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Re: Moves in FSFS

From: Julian Foad <julianfoad_at_btopenworld.com>
Date: Tue, 17 Sep 2013 11:55:07 +0100 (BST)

>> Branko Čibej <brane_at_wandisco.com> writes:
>>> That said, I still do not understand why a different ID would be needed
>>> before the copy-on-write happens. Is it because the client doesn't have
>>> the full history available? [...]

Hi Brane.

Ref. <http://wiki.apache.org/subversion/MoveDev/MoveDev#Move_Semantics>.

A different id (than node-id+copy-id) is needed because I prefer to
describe the semantics of moves (on the server) in such a way, not because of anything
to do with the client side, nor anything to do with existing or potential editor designs.

Some important move-tracking query APIs are ones which will map between paths in one revision and "corresponding" paths in another revision.  For these purposes I believe the abstract model we need to present is one in which copying a directory creates new lines of history ("node-lines") for all nodes in the subtree, even though their content may not have diverged yet.  In other words, for the purposes of a query that asks "where" (at what path) in revision REV2 we would find the node corresponding to that at PATH1_at_REV1, it should behave the same *as if* copies were always full copies and never lazy.  (Conversely, in merging, for the purpose of finding a common ancestor of changes to be merged, it may be easier to work with the late branching / lazy-copy model, as the nearest common ancestor can be nearer.)

The "node-line" concept is merely a tool to aid in the definition of the semantics.  I am not suggesting here that the node-line-id should be transmitted to the client or used in the editor APIs.  (Those are separate discussions in which we may or may not want to use such a concept.)

Do you object to my using this invented concept as a tool within the semantic specification, or do you object to this abstract concept being made concrete and stored and exposed?  Do you disagree with the semantics I defined, or find it hard to interpret, or is it that you would prefer to describe the same thing in a different way?  I'm not clear.

The same semantics could of course be defined in other ways.  However the definition as I've written it clearly doesn't work if we just write (node-id, copy-id) in place of (node-line-id).  Here is an example of how it makes a difference.

Start with

  r10:
    trunk
      /A
      /B

branch the trunk:

  r20:
    trunk
      /A
      /B
    branch
      /A (pointer to /trunk/A)
      /B (pointer to /trunk/B)

modify branch/A:

  r30:
    trunk
      /A
      /B
    branch
      /A
      /B (pointer to /trunk/B)

Now
 let's say we're diffing branch_at_20 and branch_at_30.  I want to be able to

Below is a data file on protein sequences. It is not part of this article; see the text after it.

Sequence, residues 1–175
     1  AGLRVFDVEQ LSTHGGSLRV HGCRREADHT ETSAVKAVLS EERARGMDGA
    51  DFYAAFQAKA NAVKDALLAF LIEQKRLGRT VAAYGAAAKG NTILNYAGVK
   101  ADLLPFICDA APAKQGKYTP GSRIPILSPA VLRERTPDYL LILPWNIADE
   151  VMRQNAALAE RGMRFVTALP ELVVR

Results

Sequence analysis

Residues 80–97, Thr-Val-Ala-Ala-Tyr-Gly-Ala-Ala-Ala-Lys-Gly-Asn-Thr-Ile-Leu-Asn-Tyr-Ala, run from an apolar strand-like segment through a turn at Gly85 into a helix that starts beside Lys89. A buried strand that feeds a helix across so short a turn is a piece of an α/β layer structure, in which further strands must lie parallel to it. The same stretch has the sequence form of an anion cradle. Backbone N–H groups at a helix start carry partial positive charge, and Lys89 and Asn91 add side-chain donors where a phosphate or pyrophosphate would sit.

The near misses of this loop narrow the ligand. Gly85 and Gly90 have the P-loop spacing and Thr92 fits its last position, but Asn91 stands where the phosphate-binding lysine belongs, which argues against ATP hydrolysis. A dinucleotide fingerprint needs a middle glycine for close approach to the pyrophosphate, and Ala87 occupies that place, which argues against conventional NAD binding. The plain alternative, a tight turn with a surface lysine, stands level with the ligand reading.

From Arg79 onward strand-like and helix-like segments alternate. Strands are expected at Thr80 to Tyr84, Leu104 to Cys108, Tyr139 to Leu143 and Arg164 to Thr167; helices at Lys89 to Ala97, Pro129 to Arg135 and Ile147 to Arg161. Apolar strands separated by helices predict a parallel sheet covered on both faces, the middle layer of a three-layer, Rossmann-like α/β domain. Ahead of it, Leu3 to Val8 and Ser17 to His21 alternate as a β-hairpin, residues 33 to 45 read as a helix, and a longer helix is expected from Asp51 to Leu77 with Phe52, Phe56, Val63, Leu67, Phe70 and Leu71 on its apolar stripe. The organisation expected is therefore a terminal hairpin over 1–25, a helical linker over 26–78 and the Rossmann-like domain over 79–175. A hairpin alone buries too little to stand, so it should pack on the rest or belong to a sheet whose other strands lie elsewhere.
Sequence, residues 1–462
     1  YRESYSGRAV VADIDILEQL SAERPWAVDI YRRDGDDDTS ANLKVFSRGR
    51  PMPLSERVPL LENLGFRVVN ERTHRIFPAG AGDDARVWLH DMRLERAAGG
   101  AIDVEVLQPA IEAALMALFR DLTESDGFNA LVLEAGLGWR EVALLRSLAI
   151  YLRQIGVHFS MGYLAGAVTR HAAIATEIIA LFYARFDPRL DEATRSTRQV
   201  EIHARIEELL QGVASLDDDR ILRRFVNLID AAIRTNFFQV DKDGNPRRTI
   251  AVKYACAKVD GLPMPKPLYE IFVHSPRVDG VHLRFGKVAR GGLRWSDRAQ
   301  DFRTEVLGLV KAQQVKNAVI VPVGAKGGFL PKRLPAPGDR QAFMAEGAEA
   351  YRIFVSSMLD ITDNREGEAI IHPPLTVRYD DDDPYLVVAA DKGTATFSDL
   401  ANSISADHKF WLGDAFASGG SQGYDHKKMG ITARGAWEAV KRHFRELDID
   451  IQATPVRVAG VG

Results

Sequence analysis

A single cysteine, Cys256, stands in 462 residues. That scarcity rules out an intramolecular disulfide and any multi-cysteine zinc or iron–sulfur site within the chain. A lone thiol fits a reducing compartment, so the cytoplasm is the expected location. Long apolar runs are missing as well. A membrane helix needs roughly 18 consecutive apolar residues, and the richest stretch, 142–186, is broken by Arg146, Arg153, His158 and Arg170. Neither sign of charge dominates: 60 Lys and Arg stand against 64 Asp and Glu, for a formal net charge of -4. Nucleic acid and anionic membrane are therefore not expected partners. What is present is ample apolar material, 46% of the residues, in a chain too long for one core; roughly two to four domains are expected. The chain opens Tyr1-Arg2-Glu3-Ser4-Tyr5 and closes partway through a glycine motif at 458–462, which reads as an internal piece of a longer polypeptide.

report a mapping between each path in branch_at_20 and the path in r30
corresponding to "the same node", where "the same node" is to be defined
 in some way that makes sense for tracking moves.  In this simple
example, there are not even any moves, and so I want the move-tracking
code to be able to deduce the following 1:1 path-mapping between
branch_at_20 and branch_at_20:

  PATH_at_20        PATH_at_30
  branch    <->  branch
  branch/A  <->  branch/A
  branch/B  <->  branch/B

It certainly must not report a simple (node-id, copy-id) correspondence, because that would look something like:

  PATH_at_20        PATH_at_30
  branch    <->  branch
  branch/A  <->  trunk/A  # or (nil) as it's out of tree-scope
  (nil)     <->  branch/A
  branch/B  <->  branch/B
which breaks the mapping between branch/A_at_20 and branch/A_at_30.

Hi Philip.

Branko Čibej wrote:
> Philip Martin wrote:
>> Another way to provide the moves between arbitrary revisions is to have
>> an id to path map per revision which allows the FS to find the path
>> associated with a given id.  However with lazy-copy this map is harder
>> to implement.

Harder in the sense that a naive map from each node-line-id to each reachable path in the revision would require adding N entries to the map when copying a subtree of N nodes, thus making copy no longer O(1).  To maintain O(1) copies we'd need something cleverer.

In my present definition of move semantics, the ids used in this map would be what I call "node-line" ids, not the raw (node-id, copy-id) pairs.  How copy-ids work is thus irrelevant to me.  (Reading between the lines, I think with your questions about how copy-id assignment works you meant to question how copy-id could possibly be used to answer move tracking queries, whereas Brane answered them as direct questions about how copy-id assignment currently works.)

- Julian
Received on 2013-09-17 13:00:29 CEST

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